The European Medicines Agency (EMA) recently released a business continuity plan dealing with the potential implications of Brexit. Currently based in London, the EMA will be required to transfer their headquarters to another EU member state upon the UK's exit from the union. In preparation for this, they recently issued a press release defining their planned actions:
“Preparing for the move, managing the necessary changes, and addressing challenges such as possible losses in skilled and experienced staff, in a proactive and efficient way requires considerable internal resources,” said Noel Wathion, EMA’s Deputy Executive Director and head of EMA’s Brexit task force. "With the business continuity plan we aim to ensure that the assessment of medicines is not disrupted and that patients in Europe continue to have access to high quality, safe and effective medicines.”
The business continuity plan categorises and prioritises the EMA’s activities in accordance with their impact on public health. It places the EMA’s activities into three priority categories. Activities of the highest priority are placed in Category 1, high priority activities in Category 2 and activities of lower importance in Category 3.
As of May 2017, the EMA had already started to scale back its Category 3 activities in order to focus on Brexit. This included the suspension of several key projects, including:
- the European Medicines Web Portal - a new publicly-available online information source on all medicinal products marketed in the EU
- contribution to the e-submission project which allows applicants to electronically submit documents linked to authorization requests
- the development of a transparency roadmap for EMA future measures and the participation in the benchmarking of medicines regulatory authorities in the EU as of 2018
In addition to these measures, the EMA intends to reduce the number of audits and participation by its members in external meetings and conferences. The purpose of these changes is to allow essential staff to support other core activities. The EMA will, however, periodically review the duration of this suspension in order to avoid undermining their critical work.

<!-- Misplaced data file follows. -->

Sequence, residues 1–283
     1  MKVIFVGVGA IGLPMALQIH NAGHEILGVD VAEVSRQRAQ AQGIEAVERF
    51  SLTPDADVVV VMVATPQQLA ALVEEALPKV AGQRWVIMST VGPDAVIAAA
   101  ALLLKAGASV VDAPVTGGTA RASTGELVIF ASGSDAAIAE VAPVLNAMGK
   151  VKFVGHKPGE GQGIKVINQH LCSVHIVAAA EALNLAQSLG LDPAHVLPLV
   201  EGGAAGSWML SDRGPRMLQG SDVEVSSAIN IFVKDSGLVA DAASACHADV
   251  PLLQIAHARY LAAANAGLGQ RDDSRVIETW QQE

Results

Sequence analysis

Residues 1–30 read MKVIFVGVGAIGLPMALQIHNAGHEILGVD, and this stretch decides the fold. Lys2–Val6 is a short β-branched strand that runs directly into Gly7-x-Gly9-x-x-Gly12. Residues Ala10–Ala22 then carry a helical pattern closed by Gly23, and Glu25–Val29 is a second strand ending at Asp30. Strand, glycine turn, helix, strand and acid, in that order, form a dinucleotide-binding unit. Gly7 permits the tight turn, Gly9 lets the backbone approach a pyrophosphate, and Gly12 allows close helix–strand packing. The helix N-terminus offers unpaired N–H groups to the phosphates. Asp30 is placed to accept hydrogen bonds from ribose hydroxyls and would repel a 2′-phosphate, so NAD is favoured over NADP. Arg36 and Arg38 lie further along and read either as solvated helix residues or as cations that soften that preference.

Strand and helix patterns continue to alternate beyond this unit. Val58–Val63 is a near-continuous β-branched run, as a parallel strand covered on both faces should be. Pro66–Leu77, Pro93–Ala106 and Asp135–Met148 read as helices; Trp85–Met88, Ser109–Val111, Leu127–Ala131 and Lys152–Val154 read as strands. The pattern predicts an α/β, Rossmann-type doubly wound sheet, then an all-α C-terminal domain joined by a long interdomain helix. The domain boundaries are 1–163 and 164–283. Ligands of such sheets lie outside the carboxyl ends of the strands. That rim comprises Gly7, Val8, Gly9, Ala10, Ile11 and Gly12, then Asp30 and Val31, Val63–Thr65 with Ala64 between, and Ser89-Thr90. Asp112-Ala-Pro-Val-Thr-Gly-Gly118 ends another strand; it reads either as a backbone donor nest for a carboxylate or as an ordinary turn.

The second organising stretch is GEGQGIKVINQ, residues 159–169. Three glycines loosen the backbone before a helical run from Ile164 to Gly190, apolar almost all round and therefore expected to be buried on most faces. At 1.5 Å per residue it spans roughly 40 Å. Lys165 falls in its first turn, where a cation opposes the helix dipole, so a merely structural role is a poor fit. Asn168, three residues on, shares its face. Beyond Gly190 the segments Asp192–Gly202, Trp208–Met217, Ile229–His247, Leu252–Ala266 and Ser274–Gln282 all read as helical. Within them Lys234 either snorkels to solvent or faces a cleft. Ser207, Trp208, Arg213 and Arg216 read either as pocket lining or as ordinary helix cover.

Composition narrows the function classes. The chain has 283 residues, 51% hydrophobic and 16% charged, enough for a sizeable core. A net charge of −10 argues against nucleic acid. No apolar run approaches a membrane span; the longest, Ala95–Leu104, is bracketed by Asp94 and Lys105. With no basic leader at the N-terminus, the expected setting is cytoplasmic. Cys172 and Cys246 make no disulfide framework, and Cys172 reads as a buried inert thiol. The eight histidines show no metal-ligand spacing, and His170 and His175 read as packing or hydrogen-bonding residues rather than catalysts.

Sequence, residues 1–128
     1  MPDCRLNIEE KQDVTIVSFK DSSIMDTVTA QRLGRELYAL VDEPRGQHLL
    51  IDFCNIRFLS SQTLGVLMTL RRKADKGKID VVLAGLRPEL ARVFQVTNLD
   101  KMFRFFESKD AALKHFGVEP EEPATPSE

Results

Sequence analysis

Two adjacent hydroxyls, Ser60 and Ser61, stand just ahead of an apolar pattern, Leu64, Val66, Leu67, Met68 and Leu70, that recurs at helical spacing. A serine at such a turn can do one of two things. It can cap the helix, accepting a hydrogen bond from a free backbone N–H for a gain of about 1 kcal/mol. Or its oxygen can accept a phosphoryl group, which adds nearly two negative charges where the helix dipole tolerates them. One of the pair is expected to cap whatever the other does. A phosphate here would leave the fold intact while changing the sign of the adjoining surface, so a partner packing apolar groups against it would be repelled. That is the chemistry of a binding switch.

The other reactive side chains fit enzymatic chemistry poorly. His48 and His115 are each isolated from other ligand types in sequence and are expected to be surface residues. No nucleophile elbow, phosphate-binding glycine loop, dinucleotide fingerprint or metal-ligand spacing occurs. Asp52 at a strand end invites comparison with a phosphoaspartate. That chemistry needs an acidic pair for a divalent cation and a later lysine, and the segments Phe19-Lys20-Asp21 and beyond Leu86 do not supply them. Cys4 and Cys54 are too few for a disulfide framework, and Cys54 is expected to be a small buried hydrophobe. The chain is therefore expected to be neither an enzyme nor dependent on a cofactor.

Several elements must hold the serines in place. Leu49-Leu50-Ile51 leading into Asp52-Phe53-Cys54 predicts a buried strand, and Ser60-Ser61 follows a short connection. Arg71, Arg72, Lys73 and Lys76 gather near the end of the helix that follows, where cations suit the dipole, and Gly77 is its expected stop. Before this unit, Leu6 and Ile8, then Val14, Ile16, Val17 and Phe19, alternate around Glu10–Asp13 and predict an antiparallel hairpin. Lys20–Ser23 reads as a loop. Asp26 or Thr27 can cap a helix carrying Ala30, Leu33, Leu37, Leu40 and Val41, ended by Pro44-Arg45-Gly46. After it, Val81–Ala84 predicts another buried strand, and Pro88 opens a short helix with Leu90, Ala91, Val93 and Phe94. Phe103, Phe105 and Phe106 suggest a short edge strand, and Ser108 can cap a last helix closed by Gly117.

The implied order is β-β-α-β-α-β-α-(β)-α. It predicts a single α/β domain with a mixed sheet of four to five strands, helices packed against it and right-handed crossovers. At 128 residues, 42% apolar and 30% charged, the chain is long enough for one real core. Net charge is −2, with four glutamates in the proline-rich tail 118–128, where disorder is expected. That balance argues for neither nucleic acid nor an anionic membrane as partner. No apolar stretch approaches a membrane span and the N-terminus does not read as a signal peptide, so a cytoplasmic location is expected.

With regards to Category 2 , the EMA highlights that activities of this category will be maintained for as long as possible in order to secure the development of medicinal products. Examples of Category 2 activities include the proactive publication of clinical data as well as various initiatives promoting the availability of medicines.
The EMA’s first priority is to ensure continuity of activities within Category 1. These activities are related to the assessment and safety monitoring of medicinal products. Any disruption in these activities would have a detrimental impact on the health and well-being of the population in Europe.
Another risk being examined by the EMA is the potential loss of staff caused by the move and the related impact on categories 1 and 2. In the worst case, a longer-term loss of skilled and experienced staff caused by the agency’s relocation may potentially lead to a situation where it cannot operate properly.
As it moves from its current London headquarters following Britain's decision to leave the EU, the European Commission has said that it will assess 19 offers from various EU cities to host the European Medicines Agency's (EMA) headquarters. A final decision will be taken at the General Affairs Council and announced 20 November 2017. The cities that have applied to host the EMA as of 1 August 2017 are:
- Amsterdam, the Netherlands
- Athens, Greece
- Barcelona, Spain
- Bonn, Germany
- Bratislava, Slovakia
- Brussels, Belgium
- Bucharest, Romania
- Copenhagen, Denmark
- Dublin, Ireland
- Frankfurt, Germany
- Helsinki, Finland
- Lille, France
- Milan, Italy
- Porto, Portugal
- Sofia, Bulgaria
- Stockholm, Sweden
- Strasbourg, France
- Vienna, Austria
- Warsaw, Poland
- Zagreb, Croatia
Further updates will be provided by EMA on the implementation of the business continuity plan.